FROM THE BOOTH
By Kyle Peterson, ESPN.com | Kyle Peterson Archive
OMAHA, Neb. -- I still didn't believe it until it was over. Regardless of what Oregon State had accomplished in the past week and a half, when you look at the Beavers' entire body of work over the season, there was no way you could have foreseen them winning a second consecutive national championship.
But if you walked into Rosenblatt Stadium this week having never followed college baseball, you would have thought Oregon State was by far the best team in the country.
AP Photo/Ted KirkDarwin Barney's two-run homer gave Oregon State the lead, which the Beavers never relinquished.
The Beavers' run through the College World Series reminds me a bit of the St. Louis Cardinals' run last season. They entered the playoffs with one of the worst records, but wound up winning it all because they were playing well at the right time.
Oregon State caught fire at the beginning of the NCAA Tournament, and the team's singular focus on defending its championship carried it to the CWS finals. Before the regional round, Beavers catcher Mitch Canham told his teammates that they would not dog pile in the regional round, nor in the super regional round. The Beavers would dog pile only once: when they won the CWS championship. How many regional No. 3 seeds have that much confidence?
The Beavers' mentality was different from the start. Maybe North Carolina or Texas enters the NCAA Tournament with the sole goal of winning a championship, but most teams strive just to make it to Omaha. That focus gave Oregon State an edge.
When North Carolina went up 1-0 in the second inning, it marked the first time in 62 innings that Oregon State had trailed. But the Beavers approached that obstacle like they had during the regular season, when they finished with a losing record in the Pac-10. They dug deep and came up with the runs they needed -- specifically, a two-run homer by Darwin Barney in the bottom of the second to put the Beavers on top.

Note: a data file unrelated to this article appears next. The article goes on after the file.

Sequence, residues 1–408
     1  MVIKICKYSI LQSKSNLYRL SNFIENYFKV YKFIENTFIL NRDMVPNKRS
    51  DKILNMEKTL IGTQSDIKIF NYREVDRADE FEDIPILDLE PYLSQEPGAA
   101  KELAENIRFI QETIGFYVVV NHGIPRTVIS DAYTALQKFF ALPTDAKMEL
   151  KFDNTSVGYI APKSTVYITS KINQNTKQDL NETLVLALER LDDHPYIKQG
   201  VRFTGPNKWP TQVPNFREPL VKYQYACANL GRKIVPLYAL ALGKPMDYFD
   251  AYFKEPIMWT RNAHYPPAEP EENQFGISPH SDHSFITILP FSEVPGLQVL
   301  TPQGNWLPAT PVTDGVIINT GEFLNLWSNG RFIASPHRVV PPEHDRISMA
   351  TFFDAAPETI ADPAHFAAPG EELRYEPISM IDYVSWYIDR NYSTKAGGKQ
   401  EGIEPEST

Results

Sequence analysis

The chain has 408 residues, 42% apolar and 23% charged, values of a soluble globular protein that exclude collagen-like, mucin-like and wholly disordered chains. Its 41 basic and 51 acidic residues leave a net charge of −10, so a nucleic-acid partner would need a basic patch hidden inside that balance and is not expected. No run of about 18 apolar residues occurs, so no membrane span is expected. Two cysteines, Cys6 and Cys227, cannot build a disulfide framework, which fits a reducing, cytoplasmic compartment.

North Carolina made a lot of mistakes in the CWS finals, but many times, those mistakes -- physical or mental -- are caused by the other team. The small mistakes (not covering first base, overthrowing an easy toss) add up. Oregon State didn't make those mistakes.
The Tar Heels also let a number of opportunities to close the gap pass them by. They put runners on base in the first, third and fifth innings, but the Beavers were able to stop those rallies. You could see it in the Tar Heels' eyes. They didn't have any fight left; I'm not sure how they could have. You can only get knocked down so many times before you stop getting back up.
Oregon State's win marked the first time a team has successfully defended its title in 10 years. I'd be shocked to see it happen again in the next 10 years. There are so many quality teams out there. Just look at Oregon State's run this season: One of the last teams in the tournament came out of nowhere to win it all. If the last team in can win a championship, it speaks to the quantity of quality programs.
Dustin Ackley, North Carolina, 1B
Ackley, North Carolina's freshman slugger, is just a wonderful hitter -- one of the best in the country. He can do anything. But what was most impressive about his performance in the College World Series is the turnaround he made in the last four games. He suffered through possibly the toughest two weeks of his life offensively, and there's no tougher place to break out of a slump than in Omaha. He was a giant part of North Carolina's run.
Darwin Barney, Oregon State, SS
Barney and Canham were the only two position players to return from the 2006 title team. Barney has a much different personality than Canham; he's the guy that keeps everyone loose. I remember looking over at the Oregon State dugout yesterday, and coach Pat Casey was trying to send signals while Barney was behind him, flicking his ears. His ability to maintain that mind-set in pressure situations is something you can't coach. You hope to bring in those personality traits when you coach, but you never know. Guys like Barney are hard to find.
Mitch Canham, Oregon State, C
Every team wants its rock to be its catcher, and no team had a more solid guy in every area -- talent, leadership, respect -- than Canham. You can tell how much he meant to the program by the way his teammates and coaches reacted to him. You can't fake it; they genuinely responded to his leadership. Of all the players in the CWS that were drafted, he seems the most likely to sign. He certainly leaves the Beavers and Rosenblatt with a lifetime of memories.